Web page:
News, commentary, and fiction by Barb Hendee, co-author of the Noble Dead saga (www.NobleDead.org); author of the Mist-Torn Witches series, the Vampire Memories series, and more.

Going “Indie”: Are traditional writers really lazy?


For those who pay attention to Internet blog debates, the whole flame war between “indie” writers and traditionally published is getting heated—and in my opinion, somewhat ridiculous.

For those of you just coming into the room here, a number of writers are both practicing and loudly (and I do mean loudly) proposing that we all ditch our agents, ditch our publishers, and independently publish our own books—focusing mainly on electronic sales.  The great upside of this is that places like Amazon (Kindle), Apple (iPad) and B&N (Nook) keep only 30% of the take, and the writer gets 70% of the take.  This is a MUCH larger cut for the writer than a traditional publisher pays.

A traditional New York publisher pays between 8% and 15% percent royalties—depending on book format—and as I covered earlier this week, your agent will also take 15% of what you earn because most writers working with a New York publisher have agents.

Okay, so 70% versus 8 to 15% is fabulous . . . well, if anyone knows your book actually exists.

Those Lazy Traditional Writers

The main accusation from the folks who take the “indie” path is that traditional writers are lazy.  I don’t care much for name calling in general, but this one really bothers me.



The argument is that traditional writers are both cowardly and lazy.  They are too afraid and too lazy to hire their own cover artists and go through all the work of prepping the manuscript for e-sale format and being responsible for getting it up on the Amazon, B&N, Sony, Apple, etc, websites for e-sale.  They are too lazy to attempt marketing.

In general, they just want someone to “do it all for them.”  I’ve heard this over and over—albeit often from about the same seven bloggers.

And I think, “Huh?”

Anyone who cranks out a publishable novel around the cracks of time in this world hardly qualifies as lazy in my mind. Anyone who read one of my earlier posts on the steps a published manuscript has to go through on the path to publication would hardly call a traditional writer “lazy.”  I know a number of writers who publish through major publishers who also have families and full time jobs.  These folks are not lazy.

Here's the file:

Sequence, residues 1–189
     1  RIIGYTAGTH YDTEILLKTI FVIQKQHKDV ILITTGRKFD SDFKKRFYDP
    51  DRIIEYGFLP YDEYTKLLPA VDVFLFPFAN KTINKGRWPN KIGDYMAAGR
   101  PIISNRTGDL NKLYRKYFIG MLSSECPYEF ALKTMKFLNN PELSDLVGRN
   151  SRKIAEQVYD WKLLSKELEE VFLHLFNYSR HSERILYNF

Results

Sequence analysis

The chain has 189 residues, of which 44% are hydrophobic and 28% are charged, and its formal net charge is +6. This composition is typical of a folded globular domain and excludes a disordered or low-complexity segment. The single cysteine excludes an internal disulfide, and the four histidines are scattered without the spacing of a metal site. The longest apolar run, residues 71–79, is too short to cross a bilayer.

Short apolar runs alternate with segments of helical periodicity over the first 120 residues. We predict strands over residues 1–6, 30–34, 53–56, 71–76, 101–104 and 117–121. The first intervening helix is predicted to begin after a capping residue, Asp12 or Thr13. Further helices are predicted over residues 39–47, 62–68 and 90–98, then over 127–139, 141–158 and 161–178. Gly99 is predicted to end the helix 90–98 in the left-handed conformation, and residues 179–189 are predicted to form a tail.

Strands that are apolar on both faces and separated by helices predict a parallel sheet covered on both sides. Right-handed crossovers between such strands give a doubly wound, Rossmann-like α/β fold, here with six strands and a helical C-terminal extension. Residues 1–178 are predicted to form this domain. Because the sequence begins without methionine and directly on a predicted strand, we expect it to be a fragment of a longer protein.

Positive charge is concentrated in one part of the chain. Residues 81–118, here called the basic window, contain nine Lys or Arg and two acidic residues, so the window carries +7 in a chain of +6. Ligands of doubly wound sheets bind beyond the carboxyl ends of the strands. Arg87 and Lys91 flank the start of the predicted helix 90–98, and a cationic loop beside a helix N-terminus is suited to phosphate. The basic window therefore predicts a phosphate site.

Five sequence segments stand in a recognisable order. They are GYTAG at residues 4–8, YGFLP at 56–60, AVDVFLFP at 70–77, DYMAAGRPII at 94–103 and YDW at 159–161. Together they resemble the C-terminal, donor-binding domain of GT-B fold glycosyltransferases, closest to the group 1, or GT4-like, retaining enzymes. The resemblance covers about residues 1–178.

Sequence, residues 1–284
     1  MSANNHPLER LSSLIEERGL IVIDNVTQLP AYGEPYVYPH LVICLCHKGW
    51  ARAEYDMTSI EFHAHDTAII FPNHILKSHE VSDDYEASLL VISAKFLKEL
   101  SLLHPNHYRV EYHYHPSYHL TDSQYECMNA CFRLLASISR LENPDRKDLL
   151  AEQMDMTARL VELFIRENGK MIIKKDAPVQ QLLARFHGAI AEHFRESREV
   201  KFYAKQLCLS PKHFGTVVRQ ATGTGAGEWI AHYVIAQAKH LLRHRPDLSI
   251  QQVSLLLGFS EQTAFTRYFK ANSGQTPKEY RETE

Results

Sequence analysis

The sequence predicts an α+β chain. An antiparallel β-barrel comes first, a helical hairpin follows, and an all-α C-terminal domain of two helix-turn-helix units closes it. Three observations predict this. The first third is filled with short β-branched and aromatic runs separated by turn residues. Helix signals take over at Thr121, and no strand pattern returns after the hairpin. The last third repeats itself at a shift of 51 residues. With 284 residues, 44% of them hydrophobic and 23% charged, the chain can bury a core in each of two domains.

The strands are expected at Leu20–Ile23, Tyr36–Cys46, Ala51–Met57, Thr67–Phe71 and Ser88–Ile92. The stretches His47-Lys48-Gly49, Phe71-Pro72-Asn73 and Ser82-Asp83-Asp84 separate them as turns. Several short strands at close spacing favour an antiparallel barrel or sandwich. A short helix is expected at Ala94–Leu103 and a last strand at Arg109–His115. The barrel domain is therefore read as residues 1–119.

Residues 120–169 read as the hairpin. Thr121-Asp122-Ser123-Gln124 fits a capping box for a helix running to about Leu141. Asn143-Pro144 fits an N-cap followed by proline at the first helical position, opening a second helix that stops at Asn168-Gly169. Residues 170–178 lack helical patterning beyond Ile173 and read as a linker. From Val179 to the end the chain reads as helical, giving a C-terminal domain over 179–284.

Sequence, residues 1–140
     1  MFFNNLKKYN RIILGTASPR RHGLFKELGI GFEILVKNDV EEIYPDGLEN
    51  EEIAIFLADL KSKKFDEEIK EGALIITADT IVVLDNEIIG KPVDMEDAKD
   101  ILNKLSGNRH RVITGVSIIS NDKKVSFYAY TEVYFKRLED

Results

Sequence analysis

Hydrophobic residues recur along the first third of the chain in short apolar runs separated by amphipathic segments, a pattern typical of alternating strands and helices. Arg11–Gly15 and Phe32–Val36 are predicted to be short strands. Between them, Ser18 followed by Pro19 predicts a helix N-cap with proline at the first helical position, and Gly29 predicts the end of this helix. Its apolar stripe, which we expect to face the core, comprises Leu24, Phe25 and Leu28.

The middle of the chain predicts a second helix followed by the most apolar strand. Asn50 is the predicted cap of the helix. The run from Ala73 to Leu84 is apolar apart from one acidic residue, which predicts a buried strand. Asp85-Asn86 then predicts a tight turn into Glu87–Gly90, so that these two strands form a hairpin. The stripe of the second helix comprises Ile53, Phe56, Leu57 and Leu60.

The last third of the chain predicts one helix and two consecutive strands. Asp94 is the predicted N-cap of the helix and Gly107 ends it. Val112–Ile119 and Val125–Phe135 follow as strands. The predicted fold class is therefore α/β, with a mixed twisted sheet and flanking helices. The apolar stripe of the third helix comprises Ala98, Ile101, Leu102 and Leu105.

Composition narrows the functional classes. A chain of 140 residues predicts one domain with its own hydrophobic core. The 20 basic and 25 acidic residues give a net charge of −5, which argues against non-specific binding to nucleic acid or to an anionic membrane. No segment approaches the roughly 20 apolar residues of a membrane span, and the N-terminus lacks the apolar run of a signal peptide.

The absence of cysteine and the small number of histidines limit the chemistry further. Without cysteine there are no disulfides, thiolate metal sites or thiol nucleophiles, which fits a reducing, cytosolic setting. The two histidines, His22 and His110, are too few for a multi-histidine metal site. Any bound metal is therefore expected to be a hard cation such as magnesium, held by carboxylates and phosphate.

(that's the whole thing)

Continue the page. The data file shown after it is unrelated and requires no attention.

In my opinion, it is very hard work to land an agent.  This requires both sharp, professional correspondence and a dynamite synopsis of your novel project.  It is hard work to both research reputable agents and to land one.  Anyone who’s ever tried this knows what I’m talking about.

Once that agent has sold the manuscript to a New York publisher, the real work begins.  No one is “doing this for us.”  We are receiving some much-needed professional assistance, but most of the work getting that novel ready for publication is on us.

We do receive assistance with the cover and with marketing and with distribution.  A New York publisher will get copies of your mass market paperback into B&N, Independent bookstores, and even Fred Meyer and Safeway.  But all the successful writers I know work hard to help with marketing as well—JC and I certainly do.

Question: Does this mean Barb has issues with indie publishing?

Answer: Absolutely not.  I think the possibilities are awesome.

JC and I have ideas cooking right now for some projects we are going to publish independently.  We have connections to cover artists and to qualified freelance editors.  JC could format a book for e-sales in his sleep, and I’m good on the business end of things.  But we’re not going to take something and claim that it’s pure gold coming straight out of our bottoms and then put it right up for publication for our poor unsuspecting readers.  Goodness no.  We will simply hire editorial and artistic assistance ourselves. 

Now, we do have a somewhat recognizable name, but even so, my main concern is marketing—meaning getting anyone to know the books or novellas exist.  This strikes me the biggest challenge in indie publishing.  But we’re still going to give it a try . . . and just not expect too much. The idea is fun and exciting.  I have absolutely no wish to bash anyone who’s doing this or to engage in any kind of name calling.

We’re excited to try indie publishing ourselves.

However . . . I know a number of writers who strove and strove to find an agent and a publisher and could not manage it.  They then began talking about the “new world of publishing” and “the golden age for writers,” and they went “indie” with great enthusiasm and then sold three e-copies of their book, one to their mom, one to their best friend, Kevin, in Chicago, and one to their first cousin, Margaret, in D.C.

It was heartbreaking, and it did not solve their problem.

JC and I make a living by writing for a New York publisher because, at present, people actually know our books exist—because they can see them in B&N and Safeway.  In a few years, as the industry changes . . . we might be following a very different path.  I don’t know.  I do know that we’re watching all this play out like two hawks. 

But we are certainly not lazy, and I don’t understand why anyone would spend so much time and energy railing and railing against writers who still have agents and publishers. 

And again . . . I don’t like name calling.